Wintery Knight

…integrating Christian faith and knowledge in the public square

Pew survey: evangelical Christians least likely to believe superstitious nonsense

The Pew Research survey is here.

They are trying to see which groups believe in superstitions and new age mysticism.

Here are the parts that I found interesting:

Click for full image.

Click for full image.

Notice the numbers for Republicans vs Democrats, conservatives vs. liberals, and church-attending vs non church-attending. The least superstitious people are conservative evangelical Republicans, while the most superstitious people are Democrat liberals who don’t attend church. I think there is something to be learned from that. It’s consistent with the results of a Gallup survey that showed that evangelical Christians are the most rational people on the planet.

Here’s the Wall Street Journal article about the Gallup survey entitled “Look Who’s Irrational Now“.


The reality is that the New Atheist campaign, by discouraging religion, won’t create a new group of intelligent, skeptical, enlightened beings. Far from it: It might actually encourage new levels of mass superstition. And that’s not a conclusion to take on faith — it’s what the empirical data tell us.

“What Americans Really Believe,” a comprehensive new study released by Baylor University yesterday, shows that traditional Christian religion greatly decreases belief in everything from the efficacy of palm readers to the usefulness of astrology. It also shows that the irreligious and the members of more liberal Protestant denominations, far from being resistant to superstition, tend to be much more likely to believe in the paranormal and in pseudoscience than evangelical Christians.

The Gallup Organization, under contract to Baylor’s Institute for Studies of Religion, asked American adults a series of questions to gauge credulity.

[...]The answers were added up to create an index of belief in occult and the paranormal. While 31% of people who never worship expressed strong belief in these things, only 8% of people who attend a house of worship more than once a week did.

Even among Christians, there were disparities. While 36% of those belonging to the United Church of Christ, Sen. Barack Obama’s former denomination, expressed strong beliefs in the paranormal, only 14% of those belonging to the Assemblies of God, Sarah Palin’s former denomination, did. In fact, the more traditional and evangelical the respondent, the less likely he was to believe in, for instance, the possibility of communicating with people who are dead.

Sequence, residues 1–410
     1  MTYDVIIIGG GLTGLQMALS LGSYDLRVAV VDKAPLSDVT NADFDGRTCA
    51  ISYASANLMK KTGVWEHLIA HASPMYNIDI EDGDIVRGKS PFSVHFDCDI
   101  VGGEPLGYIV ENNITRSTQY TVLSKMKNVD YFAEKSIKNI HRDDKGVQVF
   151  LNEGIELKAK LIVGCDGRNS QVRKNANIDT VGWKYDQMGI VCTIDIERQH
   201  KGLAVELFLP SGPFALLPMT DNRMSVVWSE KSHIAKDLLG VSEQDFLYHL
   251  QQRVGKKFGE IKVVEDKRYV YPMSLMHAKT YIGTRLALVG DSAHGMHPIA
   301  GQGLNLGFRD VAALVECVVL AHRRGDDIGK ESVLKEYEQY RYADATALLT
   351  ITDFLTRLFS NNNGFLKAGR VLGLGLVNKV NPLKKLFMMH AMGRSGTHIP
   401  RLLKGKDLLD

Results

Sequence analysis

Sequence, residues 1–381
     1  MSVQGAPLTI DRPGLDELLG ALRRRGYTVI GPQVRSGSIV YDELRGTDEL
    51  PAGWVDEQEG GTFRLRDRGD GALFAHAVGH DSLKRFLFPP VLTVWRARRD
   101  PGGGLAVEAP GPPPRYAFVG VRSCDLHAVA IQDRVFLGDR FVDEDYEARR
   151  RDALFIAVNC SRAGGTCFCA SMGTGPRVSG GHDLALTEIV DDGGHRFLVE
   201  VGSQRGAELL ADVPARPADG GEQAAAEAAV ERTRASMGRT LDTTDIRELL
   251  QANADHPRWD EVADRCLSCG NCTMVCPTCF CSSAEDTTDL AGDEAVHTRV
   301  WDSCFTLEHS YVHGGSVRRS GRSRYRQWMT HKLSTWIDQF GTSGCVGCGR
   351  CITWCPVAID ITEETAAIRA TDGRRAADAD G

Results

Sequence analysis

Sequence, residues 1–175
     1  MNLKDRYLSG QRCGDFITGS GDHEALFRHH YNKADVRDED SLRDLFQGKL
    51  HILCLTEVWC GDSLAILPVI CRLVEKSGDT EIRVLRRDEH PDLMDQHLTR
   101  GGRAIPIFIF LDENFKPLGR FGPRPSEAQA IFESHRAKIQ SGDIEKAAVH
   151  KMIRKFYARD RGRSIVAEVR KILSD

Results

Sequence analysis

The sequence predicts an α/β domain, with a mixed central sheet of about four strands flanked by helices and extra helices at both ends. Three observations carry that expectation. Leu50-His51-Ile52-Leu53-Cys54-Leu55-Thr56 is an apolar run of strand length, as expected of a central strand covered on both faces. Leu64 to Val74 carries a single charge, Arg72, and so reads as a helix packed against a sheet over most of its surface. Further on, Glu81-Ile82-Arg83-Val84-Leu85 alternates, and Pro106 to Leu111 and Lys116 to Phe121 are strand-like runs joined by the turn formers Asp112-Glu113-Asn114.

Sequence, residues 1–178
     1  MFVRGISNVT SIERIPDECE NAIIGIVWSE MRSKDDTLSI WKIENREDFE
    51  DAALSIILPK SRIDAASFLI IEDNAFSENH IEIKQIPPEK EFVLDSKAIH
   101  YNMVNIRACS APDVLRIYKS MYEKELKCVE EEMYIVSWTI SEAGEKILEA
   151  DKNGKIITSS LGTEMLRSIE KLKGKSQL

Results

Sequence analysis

When I think of the “weird” things that evangelical Christians believe, I think of the origin of the universe, the cosmic fine-tuning, the origin of life and the sudden origin of animal body plans in the Cambrian. All of this is superstition to an atheist, and yet all of it is rooted in mainstream science. Not just that, but they’ve grown stronger as science has progressed. I can accept the fact that an atheist may be ignorant of the science that defeats his atheism, but that’s something that has to be remedied with more studying of the evidence, not less. If you generate a worldview by 1) your desire to dispense with moral judgment and/or 2) your desire to prefer Star Trek and Star Wars to mainstream science, then of course you are going to have an irrational worldview. I’m not saying that all atheists do this, surely someone like Peter Millican does not. But for rank-and-file Dawkins acolytes, I think this is pretty accurate, and it’s why we get the survey results that we do.

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Paul Copan explains some responses to postmodernism

Four articles from Paul Copan over at the UK site “BeThinking”. Each article responds to a different slogan that you might hear if you’re dealing with non-Christians on the street.

“That’s just your interpretation!”

Some of his possible responses:

  • Gently ask, ‘Do you mean that your interpretation should be preferred over mine? If so, I’d like to know why you have chosen your interpretation over mine. You must have a good reason.’
  • Remind your friend that you are willing to give reasons for your position and that you are not simply taking a particular viewpoint arbitrarily.
  • Try to discern if people toss out this slogan because they don’t like your interpretation. Remind them that there are many truths we have to accept even if we don’t like them.